Melamine Hazards Found In Baby Formula. U.S. health regulators are on record as stating no amount of melamine in infant formula is safe. But after confirming that “trace” amounts of melamine had been detected in some U.S.-made baby formula, officials at the Food & Drug Administration (FDA) have apparently changed their minds. Late last week, the agency said such small amounts posed no risk.
Melamine is a renal toxin that can cause kidney stones and acute renal failure if ingested in large amounts. In China, melamine-tainted formula has sickened over 50,000 children, killing at least four. The melamine was apparently added to milk powder by manufacturers to make it appear that their watered-down baby formula was more nutritious than it really was.
According to the FDA, U.S. formula makers do not obtain ingredients for their products from China. But last week, it was learned that tests run by the agency had detected “trace” amounts of melamine in one sample. According to a report in the Associated Press, the melamine was found in Nestle’s Good Start Supreme Infant Formula with Iron. That formula had two positive tests for melamine on one sample, with readings of 0.137 and 0.14 parts per million.
The Associated Press also reported that another brand, Mead Johnson’s Infant Formula Powder, Enfamil LIPIL with Iron, had three positive tests for cyanuric acid (an analogue of melamine), at an average of 0.247 parts per million. The FDA said last month that the toxicity of cyanuric acid is under study, but that in the meantime it is “prudent” to assume that its potency is equal to that of melamine.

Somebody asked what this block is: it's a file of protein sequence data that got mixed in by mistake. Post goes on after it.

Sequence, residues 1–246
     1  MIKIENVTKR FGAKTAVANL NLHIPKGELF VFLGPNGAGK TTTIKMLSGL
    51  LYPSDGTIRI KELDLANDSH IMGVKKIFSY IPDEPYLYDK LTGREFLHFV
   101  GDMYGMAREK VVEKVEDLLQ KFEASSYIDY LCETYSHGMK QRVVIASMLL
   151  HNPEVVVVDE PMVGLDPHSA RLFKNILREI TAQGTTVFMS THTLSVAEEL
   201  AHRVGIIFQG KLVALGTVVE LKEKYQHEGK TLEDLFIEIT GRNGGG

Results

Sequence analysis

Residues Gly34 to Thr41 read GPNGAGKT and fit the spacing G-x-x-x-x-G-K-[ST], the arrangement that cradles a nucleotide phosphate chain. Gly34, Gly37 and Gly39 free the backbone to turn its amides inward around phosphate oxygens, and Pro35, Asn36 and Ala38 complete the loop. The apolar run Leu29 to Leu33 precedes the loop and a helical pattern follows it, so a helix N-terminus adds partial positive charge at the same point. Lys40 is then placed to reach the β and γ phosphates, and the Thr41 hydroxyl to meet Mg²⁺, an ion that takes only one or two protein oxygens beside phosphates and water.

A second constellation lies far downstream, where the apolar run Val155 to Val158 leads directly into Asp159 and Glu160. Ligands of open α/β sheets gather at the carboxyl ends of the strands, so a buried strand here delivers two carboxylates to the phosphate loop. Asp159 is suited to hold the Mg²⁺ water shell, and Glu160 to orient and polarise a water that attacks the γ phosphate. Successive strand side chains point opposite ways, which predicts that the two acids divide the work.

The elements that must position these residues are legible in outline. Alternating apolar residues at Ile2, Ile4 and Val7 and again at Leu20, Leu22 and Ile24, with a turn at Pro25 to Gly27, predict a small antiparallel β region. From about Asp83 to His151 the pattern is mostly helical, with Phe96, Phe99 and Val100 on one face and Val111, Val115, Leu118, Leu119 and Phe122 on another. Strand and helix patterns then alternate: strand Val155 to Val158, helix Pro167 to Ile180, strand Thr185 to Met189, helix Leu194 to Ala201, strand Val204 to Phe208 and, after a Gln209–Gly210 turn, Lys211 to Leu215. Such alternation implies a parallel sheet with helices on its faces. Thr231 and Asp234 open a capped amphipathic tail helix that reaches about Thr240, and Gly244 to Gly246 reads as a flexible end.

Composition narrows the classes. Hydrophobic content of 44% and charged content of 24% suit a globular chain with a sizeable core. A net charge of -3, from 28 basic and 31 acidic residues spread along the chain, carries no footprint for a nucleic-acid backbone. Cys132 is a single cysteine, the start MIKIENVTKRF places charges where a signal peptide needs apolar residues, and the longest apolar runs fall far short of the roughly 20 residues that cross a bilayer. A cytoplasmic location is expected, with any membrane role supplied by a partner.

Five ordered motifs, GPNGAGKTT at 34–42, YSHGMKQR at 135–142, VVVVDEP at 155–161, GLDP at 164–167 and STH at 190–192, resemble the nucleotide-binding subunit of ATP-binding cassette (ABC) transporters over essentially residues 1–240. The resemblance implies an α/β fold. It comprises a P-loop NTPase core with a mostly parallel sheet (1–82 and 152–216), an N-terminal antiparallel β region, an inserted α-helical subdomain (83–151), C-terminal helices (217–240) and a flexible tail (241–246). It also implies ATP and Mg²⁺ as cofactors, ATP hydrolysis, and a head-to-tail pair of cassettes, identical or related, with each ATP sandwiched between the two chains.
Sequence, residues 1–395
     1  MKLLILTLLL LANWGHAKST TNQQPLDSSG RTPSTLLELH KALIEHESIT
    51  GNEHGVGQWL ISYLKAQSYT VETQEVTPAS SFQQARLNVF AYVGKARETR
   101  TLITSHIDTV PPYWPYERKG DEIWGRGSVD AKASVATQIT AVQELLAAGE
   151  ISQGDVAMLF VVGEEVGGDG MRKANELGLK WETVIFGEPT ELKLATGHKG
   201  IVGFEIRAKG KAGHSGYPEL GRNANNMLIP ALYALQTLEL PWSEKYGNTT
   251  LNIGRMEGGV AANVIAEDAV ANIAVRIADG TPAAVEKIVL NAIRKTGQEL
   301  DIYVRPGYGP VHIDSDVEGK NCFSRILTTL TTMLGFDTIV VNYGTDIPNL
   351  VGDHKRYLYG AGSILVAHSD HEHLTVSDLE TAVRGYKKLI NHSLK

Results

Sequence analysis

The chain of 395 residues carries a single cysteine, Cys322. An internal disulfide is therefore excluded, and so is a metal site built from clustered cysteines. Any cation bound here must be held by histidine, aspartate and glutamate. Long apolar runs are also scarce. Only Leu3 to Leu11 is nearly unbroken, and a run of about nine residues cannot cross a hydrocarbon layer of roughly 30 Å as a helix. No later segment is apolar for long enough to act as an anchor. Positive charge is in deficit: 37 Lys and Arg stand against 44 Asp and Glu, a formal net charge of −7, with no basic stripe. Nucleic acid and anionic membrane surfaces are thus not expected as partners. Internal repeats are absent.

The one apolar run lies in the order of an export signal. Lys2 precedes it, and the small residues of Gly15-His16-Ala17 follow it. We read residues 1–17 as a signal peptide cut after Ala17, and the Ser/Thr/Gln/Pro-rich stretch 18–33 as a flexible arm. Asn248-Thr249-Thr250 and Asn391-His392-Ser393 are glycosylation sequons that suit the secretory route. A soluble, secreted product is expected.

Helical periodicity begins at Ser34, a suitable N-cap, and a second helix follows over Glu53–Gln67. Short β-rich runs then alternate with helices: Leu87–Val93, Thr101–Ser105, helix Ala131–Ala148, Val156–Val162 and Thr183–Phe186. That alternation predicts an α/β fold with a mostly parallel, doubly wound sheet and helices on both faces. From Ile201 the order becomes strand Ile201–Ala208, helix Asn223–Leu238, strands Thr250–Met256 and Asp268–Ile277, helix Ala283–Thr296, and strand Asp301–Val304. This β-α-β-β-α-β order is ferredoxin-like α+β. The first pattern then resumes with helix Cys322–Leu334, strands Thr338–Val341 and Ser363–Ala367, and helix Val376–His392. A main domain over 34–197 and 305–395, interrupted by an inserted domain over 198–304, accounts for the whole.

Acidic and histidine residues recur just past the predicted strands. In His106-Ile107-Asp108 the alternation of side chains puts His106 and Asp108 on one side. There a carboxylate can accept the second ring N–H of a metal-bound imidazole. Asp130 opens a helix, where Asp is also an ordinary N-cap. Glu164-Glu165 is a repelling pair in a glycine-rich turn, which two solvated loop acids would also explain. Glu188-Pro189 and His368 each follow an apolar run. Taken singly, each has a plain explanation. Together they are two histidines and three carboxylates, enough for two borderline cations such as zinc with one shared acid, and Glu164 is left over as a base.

Melamine Hazards On Infant Formula Not Yet Confirmatory
Back in October, the FDA issued a public statement that levels of melamine and its analogues below 2.5 ppm in foods other than infant formula do not raise public health concerns.” According to CNN.com, the agency said then that it did not have enough data to determine a safe level of melamine and its analogues in infant formula.
CNN.com is reporting that on Friday, FDA official said it was still not possible to determine a safe level for infant formula containing both melamine and cyanuric acid compounds, but officials “believe that at very low levels there should not be any health concerns.”
“Amounts of the industrial chemical melamine or the melamine-like compound called cyanuric acid that are below 1.0 ppm [1,000 parts per billion] do not raise public health concerns,” Stephen Sundlof, the FDA’s director of the Center for Food Safety and Applied Nutrition, told CNN.com.
The agency’s reassurances are not setting well with many consumer advocates, and calls for a nationwide baby formula recall have continued. Last week, the Associated Press said Illinois Attorney General Lisa Madigan called on the state’s public health department and the FDA to recall both the Nestle and Mead Johnson products. She also criticized the FDA’s handling of the melamine information, the Associated Press said.
“The agency apparently withheld the results of its testing from the public for over three weeks, and then only disclosed the information in response to a FOIA request by The Associated Press,” she wrote in a letter to Michael Leavitt, the secretary of the U.S. Department of Health and Human Services, which oversees the FDA.
The group Consumers Union and at least one member of Congress have also called for a baby formula recall.